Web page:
Since work hours are less regulated in telework, employee effort and dedication are far more likely to be measured purely in terms of output or results. Fewer, if any, traces of non-productive work activities (research, self-training, dealing with technical problems or equipment failures) and time lost on unsuccessful attempts (early drafts, fruitless endeavors, abortive innovations) are visible to employers. Piece rate, commissions, or other performance-based compensation also become more likely for telecommuters. Furthermore, major chunks of per-employee expenses are absorbed by the telecommuter himself - from simple coffee, water, electricity, and telecommunications services, to huge capital expenses like office equipment or software licenses. Thus, hours spent on the job tend to be underestimated and expenses under-reported, creating overly optimistic figures of productivity gains and savings, some or all of those in fact coming out of the telecommuter's time and pocket.
Welocalize works with global companies in a variety of specialized industries such as technology, consumer satisfaction, manufacturing, learning and education, legal, travel and hospitality, finance, oil and gas, and life sciences to translate their website and content into local languages. Hourly contractors earn between $23-$43 hourly, depending on their area of specialty, language, and availability.
But even if you don’t burrow down into copywriting, freelance writing is definitely worth another look. If you’re able to type fast, you should be able put together a decent blog post in about an hour (once you get the hang of it, which typically doesn’t take very long). If you charge a client $50 for that blog post (which is a pretty typical beginner/advanced beginner rate), you’ve just made $50 for an hour’s worth of work. And the best part is, many businesses will want to hire a writer for recurring work, so it’s not like you have to find a new client every time you want an assignment.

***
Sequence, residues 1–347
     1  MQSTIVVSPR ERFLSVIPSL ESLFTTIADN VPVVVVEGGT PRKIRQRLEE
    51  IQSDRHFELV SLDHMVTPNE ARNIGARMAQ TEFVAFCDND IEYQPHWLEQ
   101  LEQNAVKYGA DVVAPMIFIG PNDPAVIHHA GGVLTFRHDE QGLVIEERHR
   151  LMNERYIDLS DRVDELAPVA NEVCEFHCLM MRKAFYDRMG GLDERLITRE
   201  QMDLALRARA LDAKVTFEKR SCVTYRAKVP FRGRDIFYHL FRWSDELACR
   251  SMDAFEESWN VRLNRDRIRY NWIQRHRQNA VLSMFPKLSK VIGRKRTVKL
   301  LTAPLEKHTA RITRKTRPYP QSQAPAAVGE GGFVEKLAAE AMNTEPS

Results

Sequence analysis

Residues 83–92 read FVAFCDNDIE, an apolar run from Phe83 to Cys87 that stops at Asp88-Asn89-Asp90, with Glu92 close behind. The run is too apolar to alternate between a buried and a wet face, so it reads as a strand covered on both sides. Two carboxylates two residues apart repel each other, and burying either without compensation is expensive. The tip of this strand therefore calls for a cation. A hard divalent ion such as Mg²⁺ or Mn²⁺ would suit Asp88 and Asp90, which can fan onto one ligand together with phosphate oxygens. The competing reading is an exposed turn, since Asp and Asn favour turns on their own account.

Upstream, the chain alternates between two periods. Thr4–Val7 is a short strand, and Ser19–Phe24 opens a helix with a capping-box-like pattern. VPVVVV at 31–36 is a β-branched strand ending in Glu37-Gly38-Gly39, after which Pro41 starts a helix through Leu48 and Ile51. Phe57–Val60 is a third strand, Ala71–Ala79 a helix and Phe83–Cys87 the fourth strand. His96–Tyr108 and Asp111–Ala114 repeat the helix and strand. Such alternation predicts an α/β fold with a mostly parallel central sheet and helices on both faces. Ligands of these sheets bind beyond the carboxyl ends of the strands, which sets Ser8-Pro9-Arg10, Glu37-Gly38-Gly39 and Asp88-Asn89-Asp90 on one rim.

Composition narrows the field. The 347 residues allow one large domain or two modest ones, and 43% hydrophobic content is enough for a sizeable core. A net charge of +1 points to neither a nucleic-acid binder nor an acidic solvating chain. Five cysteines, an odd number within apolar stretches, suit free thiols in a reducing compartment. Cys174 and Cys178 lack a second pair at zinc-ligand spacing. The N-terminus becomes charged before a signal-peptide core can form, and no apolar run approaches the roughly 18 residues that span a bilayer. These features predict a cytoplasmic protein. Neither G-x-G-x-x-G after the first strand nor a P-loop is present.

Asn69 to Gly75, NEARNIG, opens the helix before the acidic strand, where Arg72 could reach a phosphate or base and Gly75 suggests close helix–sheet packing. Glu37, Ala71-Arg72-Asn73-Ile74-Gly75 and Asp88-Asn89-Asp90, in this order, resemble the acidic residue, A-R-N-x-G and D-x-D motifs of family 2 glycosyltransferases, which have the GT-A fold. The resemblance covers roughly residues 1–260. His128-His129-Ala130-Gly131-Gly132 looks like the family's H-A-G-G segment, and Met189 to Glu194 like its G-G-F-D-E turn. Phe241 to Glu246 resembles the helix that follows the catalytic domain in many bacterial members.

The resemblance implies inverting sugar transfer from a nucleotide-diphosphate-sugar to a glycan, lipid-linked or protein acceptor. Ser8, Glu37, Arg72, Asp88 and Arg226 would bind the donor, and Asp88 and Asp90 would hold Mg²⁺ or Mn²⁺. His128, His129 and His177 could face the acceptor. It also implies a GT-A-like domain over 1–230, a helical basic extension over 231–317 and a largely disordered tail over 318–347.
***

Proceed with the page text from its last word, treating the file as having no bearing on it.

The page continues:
Employment Options offers work-at-home jobs for citizens receiving SSDI and/or SSI disability benefits in 47 states. Their services are free as part of a national return to work program. The jobs they have with leading national employers are for various skill levels and are Customer Service or Tech Support based with opportunities to specialize in Billing & Coding, Information Technology, Nursing, Case Management, Concierge, Sales, Reservations, Travel and more. They also offer onsite community positions as well. Simply apply on their website to get started and their staff will follow-up within two business days.
BabyQuip helps you make extra income renting out your own baby gear to traveling families. BabyQuip, the leading national baby equipment rental marketplace in almost 300 markets around North America, is looking for new, independent Quality Providers to start their own baby gear rental business today. Work from home, earn extra income, join the collaborative economy, and bring joy to traveling families while serving a rapidly growing market. Our Quality Providers delight traveling families by providing all the baby equipment and gear they may need on vacation. This means renting and delivering items like cribs, car seats, strollers, high chairs, toys, books and more. You keep 81.5% of your rental and delivery fees. BabyQuip gets the other 18.5%. You keep 100% of your tips. See Best Work From Home Jobs